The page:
Interview: Paul Onwuanibe
What opportunities are likely to arise within the post-recession housing sector?
PAUL ONWUANIBE: There is currently a significant undersupply of housing and an extremely low rate of home ownership. The second-hand sales market is also very weak, due to the lack of an adequate mortgage system. This has resulted in a situation where a very small percentage of the population can afford to own a house or buy homes as assets. With a viable mortgage system, a new group of people will drive second-hand sales in particular. This will activate a value chain which will boost the entire real estate economy, involving agents, bankers, consultants, advisers and other professions.
However, this requires that the government take far-reaching steps, such as providing a mortgage bank with the funds needed to allow it to give working-class Nigerians the ability to buy homes with proof of stable income and a reasonable upfront payment. Until we have acceptable mortgage rates, the Nigerian mortgage economy cannot be fully unlocked.
How are the commercial, office and mixed-use segments expected to develop?
ONWUANIBE: Mixed-use development is a major opportunity in Nigeria at present. We are expecting to see a significant increase in mixed-use communities that act as nodes to bring people together. This will help create destinations and give rise to hospitality, tourism and vibrancy in general. We are already beginning to see that this “destination” style of development is very attractive, for multiple reasons. It is efficient and economical, it introduces leisure and lifestyle themes into the sector, and it is attractive to younger people. As people seek to combine leisure and entertainment with their work and housing environments, these kinds of real estate development projects become much more effective. In terms of the demand for mixed-use projects across the country, Lagos is the most developed zone. It also has the biggest problems with security, transport and infrastructure, but this actually helps promote mixed-use developments, as people don’t want to go too far to play, eat and shop. Outside of Lagos, this tendency is also growing in Abuja and Port Harcourt.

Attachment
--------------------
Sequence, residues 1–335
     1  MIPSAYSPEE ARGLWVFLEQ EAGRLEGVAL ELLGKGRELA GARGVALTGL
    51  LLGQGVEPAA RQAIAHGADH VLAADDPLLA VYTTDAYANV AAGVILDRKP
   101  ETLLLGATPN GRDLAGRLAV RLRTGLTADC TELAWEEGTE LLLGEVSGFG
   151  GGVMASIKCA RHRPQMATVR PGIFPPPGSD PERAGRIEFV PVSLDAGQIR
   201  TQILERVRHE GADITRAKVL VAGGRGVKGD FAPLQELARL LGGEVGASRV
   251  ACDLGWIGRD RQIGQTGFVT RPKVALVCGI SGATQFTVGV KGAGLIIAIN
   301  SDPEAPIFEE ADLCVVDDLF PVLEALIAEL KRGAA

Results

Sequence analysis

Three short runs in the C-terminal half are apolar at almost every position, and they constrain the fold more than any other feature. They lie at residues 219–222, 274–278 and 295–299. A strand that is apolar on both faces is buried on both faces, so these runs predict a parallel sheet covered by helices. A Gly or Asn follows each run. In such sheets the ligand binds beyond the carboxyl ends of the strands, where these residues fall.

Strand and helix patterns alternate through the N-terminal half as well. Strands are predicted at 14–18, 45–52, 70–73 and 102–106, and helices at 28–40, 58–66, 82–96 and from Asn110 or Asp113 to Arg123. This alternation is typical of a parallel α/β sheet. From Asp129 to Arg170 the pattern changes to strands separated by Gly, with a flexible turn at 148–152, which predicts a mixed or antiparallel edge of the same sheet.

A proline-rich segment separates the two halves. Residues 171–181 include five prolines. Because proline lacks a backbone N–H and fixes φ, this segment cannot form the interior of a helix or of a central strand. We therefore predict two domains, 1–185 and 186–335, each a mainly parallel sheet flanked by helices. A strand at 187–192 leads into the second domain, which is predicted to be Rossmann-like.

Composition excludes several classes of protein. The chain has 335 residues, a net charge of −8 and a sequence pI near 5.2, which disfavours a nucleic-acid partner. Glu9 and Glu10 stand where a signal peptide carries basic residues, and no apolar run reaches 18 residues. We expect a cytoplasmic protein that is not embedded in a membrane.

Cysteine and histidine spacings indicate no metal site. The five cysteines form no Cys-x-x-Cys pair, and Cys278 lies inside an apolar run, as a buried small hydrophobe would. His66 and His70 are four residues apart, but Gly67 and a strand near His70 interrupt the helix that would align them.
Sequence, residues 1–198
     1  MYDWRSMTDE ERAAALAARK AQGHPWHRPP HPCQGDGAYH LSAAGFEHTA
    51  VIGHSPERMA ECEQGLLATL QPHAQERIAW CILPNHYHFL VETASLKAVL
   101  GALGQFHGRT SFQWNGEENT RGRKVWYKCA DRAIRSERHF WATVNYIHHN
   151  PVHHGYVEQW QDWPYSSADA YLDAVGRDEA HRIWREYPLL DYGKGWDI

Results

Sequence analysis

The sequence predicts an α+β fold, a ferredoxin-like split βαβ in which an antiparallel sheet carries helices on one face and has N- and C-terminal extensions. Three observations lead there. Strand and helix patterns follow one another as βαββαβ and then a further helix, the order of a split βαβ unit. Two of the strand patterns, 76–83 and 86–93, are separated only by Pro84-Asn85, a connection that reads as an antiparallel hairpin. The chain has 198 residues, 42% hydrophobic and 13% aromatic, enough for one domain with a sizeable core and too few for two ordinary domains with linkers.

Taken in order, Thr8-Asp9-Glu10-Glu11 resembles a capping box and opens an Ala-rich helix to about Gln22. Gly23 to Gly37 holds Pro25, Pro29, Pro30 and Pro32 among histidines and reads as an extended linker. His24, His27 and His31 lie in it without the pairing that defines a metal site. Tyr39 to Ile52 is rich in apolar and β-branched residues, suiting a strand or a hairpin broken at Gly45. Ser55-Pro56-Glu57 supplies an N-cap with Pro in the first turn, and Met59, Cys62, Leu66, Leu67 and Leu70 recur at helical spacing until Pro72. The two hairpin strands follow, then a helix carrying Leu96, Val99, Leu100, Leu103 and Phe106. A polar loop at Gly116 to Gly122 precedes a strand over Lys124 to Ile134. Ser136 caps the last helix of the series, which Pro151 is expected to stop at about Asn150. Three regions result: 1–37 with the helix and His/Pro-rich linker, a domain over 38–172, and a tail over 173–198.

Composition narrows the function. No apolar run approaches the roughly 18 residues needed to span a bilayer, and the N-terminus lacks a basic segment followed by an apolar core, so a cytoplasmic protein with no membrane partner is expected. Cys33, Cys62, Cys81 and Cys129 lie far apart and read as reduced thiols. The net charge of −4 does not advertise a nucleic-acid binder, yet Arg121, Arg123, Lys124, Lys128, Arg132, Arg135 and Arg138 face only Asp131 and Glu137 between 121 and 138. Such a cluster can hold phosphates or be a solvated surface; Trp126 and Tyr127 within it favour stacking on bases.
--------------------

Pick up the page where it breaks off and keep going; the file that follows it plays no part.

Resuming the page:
What risks and incentives determine the flow of international investment into the market?
ONWUANIBE: Major risks for foreign investors include the lack of security of land titles and a lack of transparency and efficiency at the bureaucratic end, where there is a lot of red tape. It is crucial that government agencies be more straightforward about the processes and procedures required for certification and permits. A large number of the most pressing issues facing the market, such as inadequate inland waterways and an ineffective land use system, could be solved at the stroke of a pen by a motivated administration. One final challenge is finance. A stable currency is needed, especially as returns on investments are going to be in naira.
In terms of incentives, the demographic dividend remains the most important. Real estate is key for almost every sector that is driven by the growing population, from health and education to commerce. Another important draw is that, as ours is an emerging economy, there is scope for first movers to set industry trends, influence customer practice and innovate generally. Lastly, there are many opportunities in the hospitality, tourism and leisure sectors, because of both growing domestic and regional demand, and favourable weather conditions. Increased interconnectivity across the country would also be a major driver of investment and further development of the real estate market. Given its size, Nigeria has to work on expanding viable alternatives to the road system for goods and passenger transport, including an improved rail system and network of waterways.
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